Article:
According to the Mekor Rishon newspaper, Adv. Asa Kling has been selected as the next Israel Commissioner of Patents and Trademarks. Kling has an LL.B, from Tel Aviv University from 1997; and a B.Sc. in Aerospace Engineering from the Technion, Israel Institute of Technology. Kling is currently a partner of Gilat Bareket, the legal side of the Reinhold Cohn Group, where, according to their website, he handles various aspects of intellectual property law, antitrust law, commercial law, company law and international transactions.
He has litigation experience relating to patents, copyright and trademarks and cross-border intellectual property enforcement. Assuming the Minister of Justice Yaakov Neeman confirms the appointment, we wish Adv. Kling success in his new position.
We note with approval that Adv. Kling has both legal and engineering qualifications, with IP experience as both a patent attorney and an attorney-at-law. Interestingly, Kling’s Patent Attorney license, No. 280, is only from 2006. It is odd to find myself licensed as a patent attorney for longer than the incoming Commissioner.
Then again, Kling does have the three years post licensing experience to train budding patent attorneys, and there is no legal requirement for a commissioner to be a patent attorney at all. Kling does, however, have the 10 years post licensing experience required for a district court judge, which is the equivalent position.
Some may consider it not ideal for an Israel Commissioner of Patents and Trademarks to have been a partner in the largest IP Group. If Kling disqualifies himself from handling cases where Reinhold Cohn is a party, he may find himself unable to rule on a large number of cases. Since the Deputy Commissioner and other adjudicators are subservient to him, there is a problem even if he disqualifies himself. There is also a danger of Kling taking a strong line against RCIP clients so as to appear balanced.
In my opinion, because of the possibility of appeal to the courts, the problem is not overly serious in practice. Since decisions are published, third parties such as me can freely criticize what we consider to be misinterpretations and poor decisions. Indeed, way back when then Acting Commissioner Yisrael Axelrod found in favor of RCIP’s clients when interpreting the law regarding pharmaceutical patent term extensions in a ruling where only RCIP’s clients were involved, the Knesset amended the Law to make his interpretation untenable.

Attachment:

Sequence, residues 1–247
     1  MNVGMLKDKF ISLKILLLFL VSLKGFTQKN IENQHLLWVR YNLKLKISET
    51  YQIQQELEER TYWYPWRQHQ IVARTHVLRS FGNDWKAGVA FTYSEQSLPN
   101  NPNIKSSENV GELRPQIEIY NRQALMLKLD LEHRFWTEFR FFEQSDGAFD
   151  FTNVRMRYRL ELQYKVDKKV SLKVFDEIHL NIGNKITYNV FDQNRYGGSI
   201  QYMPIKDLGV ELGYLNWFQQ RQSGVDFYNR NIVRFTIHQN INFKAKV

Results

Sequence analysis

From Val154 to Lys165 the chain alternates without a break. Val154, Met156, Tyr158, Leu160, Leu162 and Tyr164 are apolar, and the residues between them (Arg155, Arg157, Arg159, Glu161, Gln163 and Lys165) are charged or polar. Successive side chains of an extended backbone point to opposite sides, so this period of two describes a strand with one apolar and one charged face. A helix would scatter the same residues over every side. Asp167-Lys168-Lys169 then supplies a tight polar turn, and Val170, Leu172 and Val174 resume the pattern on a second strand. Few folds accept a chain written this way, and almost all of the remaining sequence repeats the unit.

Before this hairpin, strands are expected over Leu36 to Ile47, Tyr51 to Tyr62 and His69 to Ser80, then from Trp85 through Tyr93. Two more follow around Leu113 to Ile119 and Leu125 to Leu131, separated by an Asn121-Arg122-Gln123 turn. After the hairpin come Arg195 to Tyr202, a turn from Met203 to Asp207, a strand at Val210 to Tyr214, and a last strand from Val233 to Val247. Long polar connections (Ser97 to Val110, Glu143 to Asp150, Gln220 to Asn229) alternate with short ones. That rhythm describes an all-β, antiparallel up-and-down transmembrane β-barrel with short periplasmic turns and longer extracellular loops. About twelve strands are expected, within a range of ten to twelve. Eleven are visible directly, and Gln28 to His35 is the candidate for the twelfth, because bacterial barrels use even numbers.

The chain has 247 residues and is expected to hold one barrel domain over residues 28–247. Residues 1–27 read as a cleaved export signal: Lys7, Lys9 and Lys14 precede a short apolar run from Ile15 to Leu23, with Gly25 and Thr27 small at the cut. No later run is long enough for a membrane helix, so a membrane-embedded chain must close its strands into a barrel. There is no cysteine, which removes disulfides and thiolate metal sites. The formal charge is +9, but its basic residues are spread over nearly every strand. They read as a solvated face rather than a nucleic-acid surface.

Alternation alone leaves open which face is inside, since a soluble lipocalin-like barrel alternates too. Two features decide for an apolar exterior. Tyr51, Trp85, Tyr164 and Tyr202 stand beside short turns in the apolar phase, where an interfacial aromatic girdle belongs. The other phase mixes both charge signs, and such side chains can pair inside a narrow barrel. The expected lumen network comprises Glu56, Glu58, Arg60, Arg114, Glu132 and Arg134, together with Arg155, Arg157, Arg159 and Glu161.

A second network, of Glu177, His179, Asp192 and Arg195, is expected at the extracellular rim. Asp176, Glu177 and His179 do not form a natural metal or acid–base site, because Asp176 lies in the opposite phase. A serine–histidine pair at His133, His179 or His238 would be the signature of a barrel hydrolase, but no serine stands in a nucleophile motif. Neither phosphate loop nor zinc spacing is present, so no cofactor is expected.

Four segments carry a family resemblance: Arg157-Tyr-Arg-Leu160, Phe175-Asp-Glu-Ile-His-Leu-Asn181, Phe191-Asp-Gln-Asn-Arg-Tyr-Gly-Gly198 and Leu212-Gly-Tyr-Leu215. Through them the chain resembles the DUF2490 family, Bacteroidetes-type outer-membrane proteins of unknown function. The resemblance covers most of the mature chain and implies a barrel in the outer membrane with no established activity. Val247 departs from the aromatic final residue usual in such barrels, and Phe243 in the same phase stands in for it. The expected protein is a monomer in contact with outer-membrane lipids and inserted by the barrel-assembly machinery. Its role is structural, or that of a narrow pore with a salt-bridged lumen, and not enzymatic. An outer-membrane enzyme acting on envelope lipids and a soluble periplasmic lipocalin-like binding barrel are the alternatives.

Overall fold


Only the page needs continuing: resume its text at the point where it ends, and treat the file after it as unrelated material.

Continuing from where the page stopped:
We hope that Kling, if his appointment is affirmed, will either not patronize any IP events organized by firms in the private sector, will patronize them all or will publish guidelines for participation of patent office staff. Dr Noam had a strong policy of not attending events organized by IP firms and also prevented heads of departments from actively participating. However, on occasion, he did take an active part in events sponsored by the RCIP group, such as a reception held in honor of the visiting Chinese Commissioner of Patents and Trademarks. This Orwellian equality was a little grating, not least because Noam had sold his practice to RCIP before taking up his appointment as Commissioner.
In the small and close knit Israel IP world, most practitioners have come through one of two or three established firms. It is difficult to imagine that anyone with IP experience and knowledge, who hasn’t come through the patent office, won’t have worked for one or other large IP firm. It would be more problematic if someone from Israel industry, say, an in-house IP counsel of Teva, Orbotech or Comverse was appointed commissioner. We do, however, note that the make-up of the committee who considered candidates for the job has not been published. This does not seem a desirable state of affairs for open government.